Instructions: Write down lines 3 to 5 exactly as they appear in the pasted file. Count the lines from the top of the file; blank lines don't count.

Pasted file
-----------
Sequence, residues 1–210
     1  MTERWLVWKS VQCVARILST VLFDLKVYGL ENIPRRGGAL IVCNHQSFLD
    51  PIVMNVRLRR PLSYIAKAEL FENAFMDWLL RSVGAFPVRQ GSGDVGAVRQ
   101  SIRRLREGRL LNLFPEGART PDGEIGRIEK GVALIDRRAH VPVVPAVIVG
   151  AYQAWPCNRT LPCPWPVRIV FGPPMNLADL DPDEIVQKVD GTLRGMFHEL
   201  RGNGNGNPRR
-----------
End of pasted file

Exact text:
    51  PIVMNVRLRR PLSYIAKAEL FENAFMDWLL RSVGAFPVRQ GSGDVGAVRQ
   101  SIRRLREGRL LNLFPEGART PDGEIGRIEK GVALIDRRAH VPVVPAVIVG
   151  AYQAWPCNRT LPCPWPVRIV FGPPMNLADL DPDEIVQKVD GTLRGMFHEL